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We currently qualify as a foreign private issuer and, as a result, we will not be subject to U.S. proxy rules and will be subject to reporting obligations under the Exchange Act, that, to some extent, are more lenient and less frequent than those of a U.S. domestic public company.

Upon the effectiveness of our registration statement in July 2018, we now report under the Exchange Act, as a non-U.S. company with foreign private issuer status. Because we qualify as a foreign private issuer under the Exchange Act, we are exempt from certain provisions of the Exchange Act that are applicable to U.S. domestic public companies, including (i) the sections of the Exchange Act regulating the solicitation of proxies, consents, or authorizations in respect of a security registered under the Exchange Act; (ii) the sections of the Exchange Act requiring insiders to file public reports of their stock ownership and trading activities and liability for insiders who profit from trades made in a short period of time; and (iii) the rules under the Exchange Act requiring the filing with the SEC of quarterly reports on Form 10-Q containing unaudited financial and other specified information or current reports on Form 8-K, upon the occurrence of specified significant events. In addition, foreign private issuers are not required to file their annual report on Form 20-F until 120 days after the end of each fiscal year, while U.S. domestic issuers that are accelerated filers are required to file their annual report on Form 10-K within 75 days after the end of each fiscal year. Foreign private issuers also are exempt from Regulation Fair Disclosure, aimed at preventing issuers from making selective disclosures of material information. As a result of the above, holders of ADSs representing our ordinary shares or holders of our ordinary shares may not have the same protections afforded to shareholders of companies that are not foreign private issuers.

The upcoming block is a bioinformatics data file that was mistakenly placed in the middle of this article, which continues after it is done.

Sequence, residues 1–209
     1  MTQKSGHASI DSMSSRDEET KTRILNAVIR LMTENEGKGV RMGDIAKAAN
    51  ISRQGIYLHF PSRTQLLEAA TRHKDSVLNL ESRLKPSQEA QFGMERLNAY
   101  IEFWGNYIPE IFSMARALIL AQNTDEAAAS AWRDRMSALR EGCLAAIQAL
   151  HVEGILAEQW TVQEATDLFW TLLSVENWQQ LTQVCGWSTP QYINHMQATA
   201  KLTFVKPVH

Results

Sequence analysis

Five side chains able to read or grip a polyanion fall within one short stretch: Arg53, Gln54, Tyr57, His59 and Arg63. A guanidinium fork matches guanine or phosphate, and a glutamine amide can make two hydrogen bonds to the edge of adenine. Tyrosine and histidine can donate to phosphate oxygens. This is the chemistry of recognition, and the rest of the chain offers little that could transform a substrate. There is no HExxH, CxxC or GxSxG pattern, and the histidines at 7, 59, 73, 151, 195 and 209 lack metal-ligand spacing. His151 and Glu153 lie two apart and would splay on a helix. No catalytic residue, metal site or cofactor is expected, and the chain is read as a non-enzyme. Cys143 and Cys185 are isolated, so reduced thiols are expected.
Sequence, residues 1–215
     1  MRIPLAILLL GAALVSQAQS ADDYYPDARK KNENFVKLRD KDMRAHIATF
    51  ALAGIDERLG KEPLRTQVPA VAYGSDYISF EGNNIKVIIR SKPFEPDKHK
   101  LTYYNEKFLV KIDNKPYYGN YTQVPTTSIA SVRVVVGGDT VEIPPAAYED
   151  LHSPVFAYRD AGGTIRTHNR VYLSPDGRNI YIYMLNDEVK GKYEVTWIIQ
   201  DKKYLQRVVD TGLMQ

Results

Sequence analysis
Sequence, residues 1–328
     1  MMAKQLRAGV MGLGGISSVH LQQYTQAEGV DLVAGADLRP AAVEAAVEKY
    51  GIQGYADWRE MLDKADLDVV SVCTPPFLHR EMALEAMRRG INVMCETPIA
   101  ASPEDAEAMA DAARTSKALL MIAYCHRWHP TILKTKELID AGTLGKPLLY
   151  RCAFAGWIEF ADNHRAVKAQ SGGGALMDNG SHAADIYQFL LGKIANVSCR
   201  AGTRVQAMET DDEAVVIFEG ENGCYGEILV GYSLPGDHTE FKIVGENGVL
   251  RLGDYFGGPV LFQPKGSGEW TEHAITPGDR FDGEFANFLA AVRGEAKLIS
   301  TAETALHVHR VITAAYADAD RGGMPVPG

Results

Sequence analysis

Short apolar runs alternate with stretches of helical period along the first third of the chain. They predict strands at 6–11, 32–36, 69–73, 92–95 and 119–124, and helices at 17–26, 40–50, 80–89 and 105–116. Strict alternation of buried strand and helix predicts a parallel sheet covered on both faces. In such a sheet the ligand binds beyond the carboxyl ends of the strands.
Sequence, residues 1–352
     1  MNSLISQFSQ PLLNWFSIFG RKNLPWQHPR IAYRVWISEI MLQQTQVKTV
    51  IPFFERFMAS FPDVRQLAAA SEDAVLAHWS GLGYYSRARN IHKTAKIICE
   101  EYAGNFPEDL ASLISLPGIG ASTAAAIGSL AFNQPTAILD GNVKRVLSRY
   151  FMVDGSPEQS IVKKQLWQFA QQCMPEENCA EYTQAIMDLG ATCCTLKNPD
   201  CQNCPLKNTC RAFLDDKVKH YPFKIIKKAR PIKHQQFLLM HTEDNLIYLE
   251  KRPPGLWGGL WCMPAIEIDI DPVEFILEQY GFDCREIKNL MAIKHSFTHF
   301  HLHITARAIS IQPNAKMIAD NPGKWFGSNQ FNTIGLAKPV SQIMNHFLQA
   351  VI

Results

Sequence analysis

As a foreign private issuer and as permitted by the listing requirements of Nasdaq, we may follow UK corporate governance rules instead of certain corporate governance requirements of Nasdaq.

As a foreign private issuer, we may follow our home country corporate governance rules instead of certain corporate governance requirements of Nasdaq. For example, we are exempt from Nasdaq regulations that require a listed U.S. company to:

 

have a majority of the board of directors consist of independent directors as such term is defined by Nasdaq;
promptly disclose any waivers of the code for directors or executive officers that should address certain specified items;
have a nominating committee that is fully independent, as defined by Nasdaq;
solicit proxies and provide proxy statements for all shareholder meetings; and
seek shareholder approval for the implementation of certain equity compensation plans and issuances of ordinary shares.

 

In accordance with our Nasdaq listing, our Audit Committee is required to comply with the provisions of Section 301 of the Sarbanes-Oxley Act of 2002 and Rule 10A-3 of the Exchange Act, both of which also are applicable to Nasdaq-listed U.S. companies. Because we are a foreign private issuer, however, our Audit Committee is not subject to additional Nasdaq requirements applicable to listed U.S. companies, including an affirmative determination that all members of the Audit Committee are “independent” using more stringent criteria than those applicable to us as a foreign private issuer.